1. Empty Threat
When someone will go and say a consequence for someone’s actions, sometimes making it sound realistic sometimes not so much, but none the less there is no intention on following up with those consequences.
That quote is from urban Dictionary, not exactly the most academic of sources, but it gets the point across fairly well. I have threatened to do something like this before, most of the way through high school, parts of last year, over the summer, and now I have finally decided to suck it up and put my innermost thoughts and feelings on the web for all to see whether they want to or not.
Anyone who knows me (and I mean people I’ve spoken to for more than ten seconds), will probably agree that one of my worst traits is how opinionated I can be. I concede this whole heartedly, it’s true, 98% of the time I’m a miserable, argumentative bastard all of the time, but there is a reason for it. Actually, truth be told, there is no reason. I can’t exactly blame my parents for making me so bitter towards so many things, they’re wonderful caring people who have always tried to instil in me a feeling of love and respect for everything I share this Earth with. I suppose I could blame my sister a little, but only in the sense that our relationship (carrying on the flag from generations of older sisters and younger brothers before us) helped me to find my own voice, one which I have never lost since, and which I am eternally grateful for.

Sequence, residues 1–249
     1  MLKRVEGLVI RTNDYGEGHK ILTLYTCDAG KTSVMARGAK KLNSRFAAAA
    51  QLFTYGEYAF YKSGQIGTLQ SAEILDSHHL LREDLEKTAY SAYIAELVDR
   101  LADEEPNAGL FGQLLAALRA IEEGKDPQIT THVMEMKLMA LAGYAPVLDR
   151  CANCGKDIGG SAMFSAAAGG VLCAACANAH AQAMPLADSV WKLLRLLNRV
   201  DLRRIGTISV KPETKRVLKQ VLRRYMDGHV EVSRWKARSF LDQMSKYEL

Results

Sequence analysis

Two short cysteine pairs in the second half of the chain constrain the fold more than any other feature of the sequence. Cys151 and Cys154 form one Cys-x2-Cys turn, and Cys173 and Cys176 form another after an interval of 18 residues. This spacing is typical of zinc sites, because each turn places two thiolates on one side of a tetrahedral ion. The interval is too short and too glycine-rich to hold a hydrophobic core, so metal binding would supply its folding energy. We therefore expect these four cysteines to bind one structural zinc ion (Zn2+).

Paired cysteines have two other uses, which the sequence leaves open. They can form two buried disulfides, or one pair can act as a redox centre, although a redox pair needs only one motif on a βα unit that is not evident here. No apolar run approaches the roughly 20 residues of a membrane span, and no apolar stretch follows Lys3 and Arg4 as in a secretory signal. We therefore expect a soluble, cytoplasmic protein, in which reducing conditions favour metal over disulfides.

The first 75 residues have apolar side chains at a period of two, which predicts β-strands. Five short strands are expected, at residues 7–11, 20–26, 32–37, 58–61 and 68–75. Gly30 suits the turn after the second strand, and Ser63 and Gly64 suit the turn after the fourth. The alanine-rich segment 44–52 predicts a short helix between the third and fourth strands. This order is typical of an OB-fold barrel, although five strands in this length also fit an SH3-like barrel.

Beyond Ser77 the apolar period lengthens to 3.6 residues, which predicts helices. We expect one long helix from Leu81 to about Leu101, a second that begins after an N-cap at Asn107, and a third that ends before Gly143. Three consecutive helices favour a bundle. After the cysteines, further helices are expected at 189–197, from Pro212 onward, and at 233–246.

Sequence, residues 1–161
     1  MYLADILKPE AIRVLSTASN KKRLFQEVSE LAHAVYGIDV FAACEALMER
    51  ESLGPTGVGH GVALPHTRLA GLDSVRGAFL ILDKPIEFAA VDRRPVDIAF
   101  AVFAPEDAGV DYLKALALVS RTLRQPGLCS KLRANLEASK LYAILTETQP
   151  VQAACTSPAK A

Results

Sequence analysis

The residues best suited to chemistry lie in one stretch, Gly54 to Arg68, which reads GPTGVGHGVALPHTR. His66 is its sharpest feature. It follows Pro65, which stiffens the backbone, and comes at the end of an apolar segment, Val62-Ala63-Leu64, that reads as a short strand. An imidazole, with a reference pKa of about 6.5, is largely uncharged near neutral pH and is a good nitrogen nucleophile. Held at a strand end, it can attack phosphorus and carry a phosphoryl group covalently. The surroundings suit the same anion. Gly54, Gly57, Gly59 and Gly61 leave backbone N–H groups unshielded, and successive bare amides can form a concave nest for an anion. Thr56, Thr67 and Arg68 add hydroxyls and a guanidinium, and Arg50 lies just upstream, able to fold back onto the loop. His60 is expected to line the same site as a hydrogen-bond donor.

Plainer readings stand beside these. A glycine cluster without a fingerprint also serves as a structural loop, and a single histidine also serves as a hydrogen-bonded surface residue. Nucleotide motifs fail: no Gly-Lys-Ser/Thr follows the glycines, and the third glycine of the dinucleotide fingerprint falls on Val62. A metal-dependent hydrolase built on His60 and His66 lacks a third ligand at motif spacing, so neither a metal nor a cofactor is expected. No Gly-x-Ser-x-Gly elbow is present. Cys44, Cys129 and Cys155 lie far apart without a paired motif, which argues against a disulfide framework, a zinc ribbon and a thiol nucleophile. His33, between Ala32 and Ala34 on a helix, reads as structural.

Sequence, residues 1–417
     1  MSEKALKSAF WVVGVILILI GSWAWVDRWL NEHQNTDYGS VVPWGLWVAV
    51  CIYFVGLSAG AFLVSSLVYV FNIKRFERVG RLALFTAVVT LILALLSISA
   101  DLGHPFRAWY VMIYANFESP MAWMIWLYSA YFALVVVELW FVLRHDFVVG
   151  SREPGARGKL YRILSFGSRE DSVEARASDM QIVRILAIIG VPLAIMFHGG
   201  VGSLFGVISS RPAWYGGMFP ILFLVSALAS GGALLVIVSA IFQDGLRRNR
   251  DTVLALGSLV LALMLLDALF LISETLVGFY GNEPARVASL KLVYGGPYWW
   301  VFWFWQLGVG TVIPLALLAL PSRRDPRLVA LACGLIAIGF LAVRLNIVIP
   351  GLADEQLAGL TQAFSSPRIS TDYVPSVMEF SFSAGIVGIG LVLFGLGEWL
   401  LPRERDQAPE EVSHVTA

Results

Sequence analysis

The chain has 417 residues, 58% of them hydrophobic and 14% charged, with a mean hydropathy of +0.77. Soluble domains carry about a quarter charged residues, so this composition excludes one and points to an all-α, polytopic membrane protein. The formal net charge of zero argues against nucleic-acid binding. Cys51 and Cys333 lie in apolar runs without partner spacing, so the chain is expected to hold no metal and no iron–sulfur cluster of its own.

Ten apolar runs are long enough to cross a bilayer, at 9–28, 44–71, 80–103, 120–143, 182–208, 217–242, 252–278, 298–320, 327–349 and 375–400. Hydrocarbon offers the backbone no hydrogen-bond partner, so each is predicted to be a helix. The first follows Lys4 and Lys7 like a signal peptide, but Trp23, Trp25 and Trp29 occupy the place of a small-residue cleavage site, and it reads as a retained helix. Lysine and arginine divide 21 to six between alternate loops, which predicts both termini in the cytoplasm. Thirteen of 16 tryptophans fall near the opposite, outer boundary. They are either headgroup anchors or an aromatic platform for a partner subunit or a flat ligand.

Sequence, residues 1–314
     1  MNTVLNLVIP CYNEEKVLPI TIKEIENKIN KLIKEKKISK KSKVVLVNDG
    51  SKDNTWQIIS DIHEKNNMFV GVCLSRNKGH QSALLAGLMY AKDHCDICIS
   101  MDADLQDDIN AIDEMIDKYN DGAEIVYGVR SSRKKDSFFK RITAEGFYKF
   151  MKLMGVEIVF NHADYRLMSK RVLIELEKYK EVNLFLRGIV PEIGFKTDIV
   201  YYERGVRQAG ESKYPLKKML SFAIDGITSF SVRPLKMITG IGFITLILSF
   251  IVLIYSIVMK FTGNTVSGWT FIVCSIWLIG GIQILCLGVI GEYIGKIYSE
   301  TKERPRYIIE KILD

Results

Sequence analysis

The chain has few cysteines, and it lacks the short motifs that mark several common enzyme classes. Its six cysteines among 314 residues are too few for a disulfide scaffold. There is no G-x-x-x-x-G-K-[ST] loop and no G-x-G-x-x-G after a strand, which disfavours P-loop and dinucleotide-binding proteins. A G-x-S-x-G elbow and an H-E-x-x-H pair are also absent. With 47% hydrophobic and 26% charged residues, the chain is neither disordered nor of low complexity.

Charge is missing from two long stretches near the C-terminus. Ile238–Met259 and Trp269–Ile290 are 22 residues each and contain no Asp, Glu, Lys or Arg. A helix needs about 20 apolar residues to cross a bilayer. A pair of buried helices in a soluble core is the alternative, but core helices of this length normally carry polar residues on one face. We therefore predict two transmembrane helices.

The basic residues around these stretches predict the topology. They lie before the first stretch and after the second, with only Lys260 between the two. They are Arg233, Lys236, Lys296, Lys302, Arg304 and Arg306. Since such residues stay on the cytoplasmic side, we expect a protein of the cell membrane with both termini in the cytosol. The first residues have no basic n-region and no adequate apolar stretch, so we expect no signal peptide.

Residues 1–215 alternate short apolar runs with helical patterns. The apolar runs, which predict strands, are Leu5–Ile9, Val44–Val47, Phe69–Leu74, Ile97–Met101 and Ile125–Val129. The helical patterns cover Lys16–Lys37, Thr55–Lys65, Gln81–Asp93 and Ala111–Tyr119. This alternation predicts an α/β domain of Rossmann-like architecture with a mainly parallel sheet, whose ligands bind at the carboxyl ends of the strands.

But as with all miserable bastards, and there are a great many out there if you care to look for them, in the end I choose to place the blame squarely on the world.
The world we live in is a wonderful place, full of miracles of nature, beautiful animals and plants, breathtaking landscapes that have evolved over millenia and that will continue to change long after the human race is done. Humans themselves are a miracle, that we should have come to emerge as the dominant species on this ball of rock spinning at 1040.4 miles per hour through the black vacuum of space is nothing short of mind boggling. We’ve evolved the ability to make tools (thanks to the even more important evolution of thumbs), utilise fire, hunt for food, grow crops, communicate, share stories, paint paintings, sing songs, build cities and civilisations, ponder the deepest questions, reach the bottom of the sea, land on the moon, cure disease and so many more achievements, all culminating in a slightly overweight Indian boy sitting in bed at 11:30 on a Sunday morning typing utter nonsense into his laptop while wondering if he has enough milk for a bowl of Coco Pops. Truly, a miracle.
That’s what I like to call the Attenborough view of the world, the whole “wonder of life” shtick that’s been force fed to us by every BBC documentary since we as a race started making and watching BBC documentaries. And it’s not just Attenborough, oh no, the torch has been passed onto Prof. Brian Cox, who in between standing on sand dunes looking heroically nerdy likes to dispense philosophical “gobbits” about our tiny presence in the universe, his hair fluttering rakishly in the wind as he attempts to explain redshift using pebbles and a sultry lisp. But despite his boy band trappings, the man has a point, one which stuck with me from the moment it wormed its way into my head from somewhere and proceeded to envelop a large part of my being, and that point is as follows.